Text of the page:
Everyone can see it, but not everyone can really see it. Society today has been lacking in social interaction, and by that I do not mean on Twitter, Facebook or any other social media app. I mean actual face-to-face human connection has diminished between people today. It’s a problem that is noticeable in almost every aspect of society today.
It seems that today, everyone has their eyes glued to one thing, the app being used on their phone. Whether it’s Twitter, Instagram, Tumblr or some other form of “social media”, many individuals are more focused on what is displayed on that little screen than what is happening right in front of them. It starts to become a habit, the constant looking down and checking on the latest updates on the web. It happens so much now that face-to-face interaction has become secondary to the public.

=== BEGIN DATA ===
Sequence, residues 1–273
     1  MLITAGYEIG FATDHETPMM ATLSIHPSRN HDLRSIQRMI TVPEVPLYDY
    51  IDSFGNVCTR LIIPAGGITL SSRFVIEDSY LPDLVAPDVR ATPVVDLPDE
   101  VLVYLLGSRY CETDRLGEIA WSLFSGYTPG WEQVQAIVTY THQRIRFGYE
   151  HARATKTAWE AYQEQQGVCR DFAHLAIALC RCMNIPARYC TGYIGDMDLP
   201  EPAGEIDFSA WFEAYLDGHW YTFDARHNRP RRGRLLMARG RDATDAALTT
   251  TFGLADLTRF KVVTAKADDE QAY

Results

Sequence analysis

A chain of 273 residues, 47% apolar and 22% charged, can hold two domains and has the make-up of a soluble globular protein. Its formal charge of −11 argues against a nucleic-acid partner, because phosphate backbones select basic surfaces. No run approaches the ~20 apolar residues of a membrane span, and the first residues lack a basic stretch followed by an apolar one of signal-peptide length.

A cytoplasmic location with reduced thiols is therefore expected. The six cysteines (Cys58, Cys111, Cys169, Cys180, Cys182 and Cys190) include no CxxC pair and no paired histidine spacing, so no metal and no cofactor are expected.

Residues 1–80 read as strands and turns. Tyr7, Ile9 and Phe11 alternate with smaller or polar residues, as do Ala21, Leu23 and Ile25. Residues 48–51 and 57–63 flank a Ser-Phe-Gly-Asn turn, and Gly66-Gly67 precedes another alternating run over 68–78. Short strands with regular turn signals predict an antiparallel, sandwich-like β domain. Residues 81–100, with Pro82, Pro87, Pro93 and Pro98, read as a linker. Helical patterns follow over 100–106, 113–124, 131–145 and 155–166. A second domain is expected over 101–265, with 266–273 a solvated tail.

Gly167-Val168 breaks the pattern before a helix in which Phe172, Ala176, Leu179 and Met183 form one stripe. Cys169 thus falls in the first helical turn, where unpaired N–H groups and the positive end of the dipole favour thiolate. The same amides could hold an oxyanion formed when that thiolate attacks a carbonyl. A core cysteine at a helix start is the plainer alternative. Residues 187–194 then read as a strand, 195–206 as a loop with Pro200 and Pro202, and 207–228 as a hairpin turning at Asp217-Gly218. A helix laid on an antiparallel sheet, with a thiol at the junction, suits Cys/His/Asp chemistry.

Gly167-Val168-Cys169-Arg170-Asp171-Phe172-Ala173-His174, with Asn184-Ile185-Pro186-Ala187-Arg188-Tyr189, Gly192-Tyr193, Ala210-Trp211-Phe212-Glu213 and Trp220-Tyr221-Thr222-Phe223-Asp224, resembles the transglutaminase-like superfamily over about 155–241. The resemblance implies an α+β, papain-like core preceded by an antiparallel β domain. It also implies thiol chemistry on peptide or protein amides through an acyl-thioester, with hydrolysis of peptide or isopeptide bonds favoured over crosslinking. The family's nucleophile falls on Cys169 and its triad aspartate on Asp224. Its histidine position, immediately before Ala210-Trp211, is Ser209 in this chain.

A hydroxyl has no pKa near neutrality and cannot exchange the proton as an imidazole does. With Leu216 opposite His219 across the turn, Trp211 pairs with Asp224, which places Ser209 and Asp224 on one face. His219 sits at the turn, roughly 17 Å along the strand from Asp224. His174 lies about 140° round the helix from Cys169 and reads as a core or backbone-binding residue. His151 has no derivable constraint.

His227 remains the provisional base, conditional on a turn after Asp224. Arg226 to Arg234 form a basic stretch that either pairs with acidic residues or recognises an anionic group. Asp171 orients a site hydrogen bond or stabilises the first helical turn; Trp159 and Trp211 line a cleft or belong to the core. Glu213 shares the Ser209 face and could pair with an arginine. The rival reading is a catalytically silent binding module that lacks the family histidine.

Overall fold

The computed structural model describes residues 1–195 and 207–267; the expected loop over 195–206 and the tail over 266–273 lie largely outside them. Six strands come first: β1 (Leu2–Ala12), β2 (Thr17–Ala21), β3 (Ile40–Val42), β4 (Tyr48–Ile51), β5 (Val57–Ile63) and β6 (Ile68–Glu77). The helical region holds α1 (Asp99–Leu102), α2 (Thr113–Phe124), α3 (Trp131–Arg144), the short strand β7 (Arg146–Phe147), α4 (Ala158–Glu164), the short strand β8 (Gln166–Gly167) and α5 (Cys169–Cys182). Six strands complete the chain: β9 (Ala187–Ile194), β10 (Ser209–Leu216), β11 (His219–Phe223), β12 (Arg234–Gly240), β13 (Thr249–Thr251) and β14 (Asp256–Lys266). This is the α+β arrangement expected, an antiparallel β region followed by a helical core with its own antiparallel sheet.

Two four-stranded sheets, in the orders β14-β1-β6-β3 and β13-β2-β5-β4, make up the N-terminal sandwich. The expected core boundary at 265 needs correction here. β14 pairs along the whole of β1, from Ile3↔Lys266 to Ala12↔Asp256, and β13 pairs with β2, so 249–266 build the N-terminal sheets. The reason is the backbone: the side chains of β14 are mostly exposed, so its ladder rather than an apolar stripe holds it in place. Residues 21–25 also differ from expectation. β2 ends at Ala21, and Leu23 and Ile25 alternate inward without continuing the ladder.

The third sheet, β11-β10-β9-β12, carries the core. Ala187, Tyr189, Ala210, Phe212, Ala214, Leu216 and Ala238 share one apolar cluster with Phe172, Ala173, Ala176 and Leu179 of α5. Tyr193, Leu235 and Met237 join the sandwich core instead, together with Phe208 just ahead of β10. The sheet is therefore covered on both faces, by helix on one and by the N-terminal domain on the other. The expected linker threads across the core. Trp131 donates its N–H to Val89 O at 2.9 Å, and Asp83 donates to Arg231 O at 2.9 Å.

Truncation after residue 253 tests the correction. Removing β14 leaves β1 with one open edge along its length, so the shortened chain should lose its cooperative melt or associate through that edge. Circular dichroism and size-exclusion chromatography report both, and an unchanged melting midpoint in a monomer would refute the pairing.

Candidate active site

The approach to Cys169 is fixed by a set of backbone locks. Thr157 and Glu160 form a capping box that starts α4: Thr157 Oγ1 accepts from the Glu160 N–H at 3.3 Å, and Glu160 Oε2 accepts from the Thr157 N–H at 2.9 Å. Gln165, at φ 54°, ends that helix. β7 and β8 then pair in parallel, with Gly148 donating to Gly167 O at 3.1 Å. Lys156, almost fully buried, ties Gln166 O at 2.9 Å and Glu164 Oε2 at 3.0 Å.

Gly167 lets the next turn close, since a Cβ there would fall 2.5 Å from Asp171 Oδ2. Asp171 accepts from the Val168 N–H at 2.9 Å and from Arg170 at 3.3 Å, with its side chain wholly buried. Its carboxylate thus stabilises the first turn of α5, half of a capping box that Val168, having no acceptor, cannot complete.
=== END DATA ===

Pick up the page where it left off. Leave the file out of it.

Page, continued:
The real problem I have with this is when it interrupts real, human interaction between people. As much as this is already said, it is nice to have a night away from technology and focus on the real world once in a while. One of the biggest problems I have with some people now is the lack of focus. When you are spending time with your friends, the last thing on your mind should be “what are other people doing?” However, we check our phones for twitter updates or see how many likes our picture got on Instagram. Human interaction has decreased so much that talking amongst each other has become boring.
Why do we feel the need to update people on who were with? Or what we’re doing? Why is it that we feel the need to see what is happening in others’ lives every second of the day? The answer is we don’t know, but we still continue to do these things every day. Even I am guilty of over-using social media, because it has become a reflex. Human interaction and conversation has begun to dwindle as a result of this.
My advice, spend less time on your phone and more of it with people in a real life scenario (coffee, drinks, dinner etc.). Instead of worrying about what other people are doing, focus on yourself. Although it certainly seems impossible to rid oneself of “technology immersion”, using it less often would be a good start.